Saturday, May 25, 2024
Cracking haptic technology: Touching beyond smartphones

Cracking haptic technology: Touching beyond smartphones

Haptics vs. Vibrations: Understanding the Difference

Haptics and vibrations are frequently used interchangeably when discussing smartphones, but it’s important to distinguish between the two. Haptics refers to conveying information through touch, such as the satisfying click when pressing a virtual button or the realistic recoil while gaming. In contrast, vibrations are simply alerts that grab attention, like when a phone buzzes for an incoming call.

The Potential of Haptics Technology

Vibrations are limited to notifying users, but haptics offers a plethora of possibilities beyond phones and controllers. In 2017, Royal Institution demonstrated how haptics can create the illusion of touch without physical contact, solely using forces and vibrations.

Exploring Haptic Technology

Haptic technology enhances interaction with the digital world by simulating the sense of touch through forces, vibrations, and motions. This immersion can be experienced in virtual reality, gaming, and remote control applications. For example, touching a virtual button on a screen might result in a click or buzz, while driving a car in a game can generate resistance or shaking in the virtual steering wheel.

Different Types of Haptic Technologies

Various types of haptic technologies provide different forms of feedback. Some utilize motors that spin or move back and forth, creating vibrations known as eccentric rotating mass vibration (ERMV) motors or linear resonant actuators (LRAs). Others employ thin materials that bend or contract when an electric voltage is applied, called piezo haptic sensors. The choice of haptic technology depends on factors such as the desired effect, cost, and available space.

Applications of Haptic Technologies

Haptic technologies can be utilized in a variety of ways, including:

  • Haptic gloves that allow users to feel and manipulate virtual objects with their hands.
  • Haptic suits that simulate sensations such as temperature, pressure, and pain on the entire body.
  • Haptic displays that project tactile images onto the skin using ultrasound waves.

Introducing Mid-Air Haptics

Mid-air haptics is a relatively new branch of haptic technology that uses ultrasound waves to create touch sensations without physical contact or wearable devices. By employing an array of ultrasound transducers, users can touch and interact with virtual objects as if they were real. Mid-air haptics offers the potential to feel the shape, texture, and motion of virtual objects or experience sensations like gentle breezes on the skin.

Leading Companies in Mid-Air Haptics

Ultraleap, formerly Ultrahaptics, is a pioneer in mid-air haptics. Their technology combines hand tracking with mid-air haptics for natural and intuitive interaction with digital content. Partnerships with various industries and companies, such as DS Automobiles, Ocean Outdoor, and Qualcomm, have resulted in the development of products and platforms like STRATOS, Gemini, and TouchFree. Ultraleap acquired Leap Motion, renowned for hand-tracking technology, in 2019.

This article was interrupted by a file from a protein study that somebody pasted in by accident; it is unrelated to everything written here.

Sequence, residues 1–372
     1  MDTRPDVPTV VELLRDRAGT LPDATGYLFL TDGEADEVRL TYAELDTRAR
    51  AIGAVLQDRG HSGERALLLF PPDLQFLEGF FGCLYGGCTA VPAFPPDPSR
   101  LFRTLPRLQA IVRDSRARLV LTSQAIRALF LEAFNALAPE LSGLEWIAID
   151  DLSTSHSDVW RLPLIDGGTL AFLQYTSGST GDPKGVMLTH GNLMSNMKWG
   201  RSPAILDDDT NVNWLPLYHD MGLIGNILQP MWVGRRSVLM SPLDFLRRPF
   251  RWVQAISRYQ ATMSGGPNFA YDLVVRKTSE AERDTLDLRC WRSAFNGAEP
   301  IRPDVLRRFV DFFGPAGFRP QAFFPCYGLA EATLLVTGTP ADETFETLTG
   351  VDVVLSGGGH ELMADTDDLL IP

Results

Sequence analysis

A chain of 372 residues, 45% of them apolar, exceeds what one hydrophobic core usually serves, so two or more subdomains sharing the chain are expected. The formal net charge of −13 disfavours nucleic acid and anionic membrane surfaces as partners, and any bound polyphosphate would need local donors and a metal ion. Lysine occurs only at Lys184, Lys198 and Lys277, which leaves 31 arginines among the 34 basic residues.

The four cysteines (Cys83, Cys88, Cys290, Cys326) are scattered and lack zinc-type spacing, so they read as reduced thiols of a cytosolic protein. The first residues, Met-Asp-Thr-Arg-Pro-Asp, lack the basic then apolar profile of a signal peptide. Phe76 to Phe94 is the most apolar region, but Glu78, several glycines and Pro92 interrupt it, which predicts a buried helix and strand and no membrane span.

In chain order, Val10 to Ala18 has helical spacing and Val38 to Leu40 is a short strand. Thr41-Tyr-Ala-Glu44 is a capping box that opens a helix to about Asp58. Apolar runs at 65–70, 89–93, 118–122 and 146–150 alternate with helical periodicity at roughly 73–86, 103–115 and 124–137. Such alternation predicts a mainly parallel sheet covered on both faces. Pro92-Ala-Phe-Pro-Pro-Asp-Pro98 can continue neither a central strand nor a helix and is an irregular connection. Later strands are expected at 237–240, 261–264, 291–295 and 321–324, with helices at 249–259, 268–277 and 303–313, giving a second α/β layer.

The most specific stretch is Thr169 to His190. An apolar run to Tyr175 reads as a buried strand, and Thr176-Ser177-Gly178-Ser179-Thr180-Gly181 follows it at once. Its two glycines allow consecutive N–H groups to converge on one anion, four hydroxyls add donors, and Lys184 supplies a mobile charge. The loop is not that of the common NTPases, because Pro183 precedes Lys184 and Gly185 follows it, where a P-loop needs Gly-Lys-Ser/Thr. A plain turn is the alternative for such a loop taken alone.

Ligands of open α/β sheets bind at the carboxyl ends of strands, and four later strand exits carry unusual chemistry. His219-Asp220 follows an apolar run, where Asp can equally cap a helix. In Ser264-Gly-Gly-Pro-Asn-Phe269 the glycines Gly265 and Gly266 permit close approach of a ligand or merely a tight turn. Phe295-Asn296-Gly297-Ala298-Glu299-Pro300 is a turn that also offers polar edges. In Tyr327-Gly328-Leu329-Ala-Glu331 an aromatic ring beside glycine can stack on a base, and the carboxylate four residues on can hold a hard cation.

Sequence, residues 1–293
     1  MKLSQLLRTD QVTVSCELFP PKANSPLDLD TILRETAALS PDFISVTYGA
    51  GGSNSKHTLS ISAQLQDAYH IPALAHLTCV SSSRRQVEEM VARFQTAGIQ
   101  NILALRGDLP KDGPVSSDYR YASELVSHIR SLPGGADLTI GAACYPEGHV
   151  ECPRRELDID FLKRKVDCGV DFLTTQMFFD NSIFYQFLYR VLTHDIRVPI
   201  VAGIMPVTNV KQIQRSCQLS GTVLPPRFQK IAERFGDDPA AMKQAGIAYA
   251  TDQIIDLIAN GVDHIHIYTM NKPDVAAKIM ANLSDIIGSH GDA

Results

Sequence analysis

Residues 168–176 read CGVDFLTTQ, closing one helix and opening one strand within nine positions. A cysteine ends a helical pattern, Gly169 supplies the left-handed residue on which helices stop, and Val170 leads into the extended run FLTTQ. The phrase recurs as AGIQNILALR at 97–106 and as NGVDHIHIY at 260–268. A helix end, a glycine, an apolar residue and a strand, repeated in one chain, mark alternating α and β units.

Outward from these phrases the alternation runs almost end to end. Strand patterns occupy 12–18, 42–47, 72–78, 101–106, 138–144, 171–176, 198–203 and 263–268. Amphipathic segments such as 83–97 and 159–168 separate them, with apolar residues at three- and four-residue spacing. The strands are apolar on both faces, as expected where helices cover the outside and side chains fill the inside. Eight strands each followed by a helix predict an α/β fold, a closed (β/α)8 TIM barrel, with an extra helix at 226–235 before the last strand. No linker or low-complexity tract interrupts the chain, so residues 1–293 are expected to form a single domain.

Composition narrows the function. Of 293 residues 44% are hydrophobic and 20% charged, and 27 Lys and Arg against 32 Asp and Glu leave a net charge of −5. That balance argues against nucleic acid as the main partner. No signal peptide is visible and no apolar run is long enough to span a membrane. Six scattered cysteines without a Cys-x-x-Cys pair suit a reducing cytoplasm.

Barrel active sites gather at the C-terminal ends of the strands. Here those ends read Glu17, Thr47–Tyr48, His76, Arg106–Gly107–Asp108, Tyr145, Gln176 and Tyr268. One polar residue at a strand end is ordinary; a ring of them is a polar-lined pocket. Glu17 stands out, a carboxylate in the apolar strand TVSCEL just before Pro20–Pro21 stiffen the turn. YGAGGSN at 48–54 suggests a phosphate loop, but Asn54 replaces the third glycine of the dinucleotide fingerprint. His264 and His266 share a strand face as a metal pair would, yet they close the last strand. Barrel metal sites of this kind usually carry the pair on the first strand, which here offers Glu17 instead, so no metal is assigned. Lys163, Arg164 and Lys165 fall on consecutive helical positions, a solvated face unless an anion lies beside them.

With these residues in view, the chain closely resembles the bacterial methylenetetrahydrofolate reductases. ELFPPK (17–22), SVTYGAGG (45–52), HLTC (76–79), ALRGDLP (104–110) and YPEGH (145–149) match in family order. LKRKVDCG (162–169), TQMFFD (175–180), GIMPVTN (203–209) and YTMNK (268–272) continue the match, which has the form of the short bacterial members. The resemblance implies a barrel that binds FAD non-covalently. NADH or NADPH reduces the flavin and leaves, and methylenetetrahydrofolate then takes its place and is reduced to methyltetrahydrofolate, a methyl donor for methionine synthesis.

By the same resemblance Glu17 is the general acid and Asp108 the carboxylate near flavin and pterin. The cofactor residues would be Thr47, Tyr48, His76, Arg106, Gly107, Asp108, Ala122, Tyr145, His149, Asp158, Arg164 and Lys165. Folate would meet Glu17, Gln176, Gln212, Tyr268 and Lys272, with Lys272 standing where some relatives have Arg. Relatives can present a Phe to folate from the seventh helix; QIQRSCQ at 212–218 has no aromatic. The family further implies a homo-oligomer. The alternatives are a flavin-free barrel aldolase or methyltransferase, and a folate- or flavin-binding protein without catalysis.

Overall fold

Hosiden, a Japanese manufacturer of electronic components and devices, is also working on mid-air haptics. Collaborating with Ultraleap, Hosiden aims to bring touchless interfaces and infotainment systems to future cars.

Enhancing Mixed/Extended Reality with Mid-Air Haptics

While Apple’s Vision Pro headset lacks haptic support, haptics could play a crucial role in creating immersive experiences across virtual, augmented, and mixed realities. The technology can enable users to feel virtual objects, menus, buttons, and feedback in MR/XR environments. Additionally, it has the potential to generate realistic sensations of wind, rain, and other natural phenomena.

Applications of Mid-Air Haptics

Mid-air haptics can be applied in various scenarios, such as:

  • Education: Facilitating learning by allowing students to feel and manipulate abstract concepts like molecular structures and sound waves.
  • Healthcare: Improving medical procedures’ quality and safety by providing haptic guidance and feedback for surgeons, nurses, and patients.
  • Accessibility: Assisting people with visual impairments through spatial and directional cues for navigation, obstacle detection, and object recognition.

Overall, haptic technology and mid-air haptics have the potential to revolutionize interaction with digital content and enhance immersive experiences in various fields.


About Alex Chen

Alex Chen is a tech blogger based in Silicon Valley. He loves writing about the latest trends in the industry and sharing his insights with his readers. With years of experience in the field, Alex has built a loyal following of tech enthusiasts who appreciate his informative and engaging content. When he's not writing, Alex enjoys experimenting with new tech gadgets and exploring the vibrant tech scene in the Bay Area.

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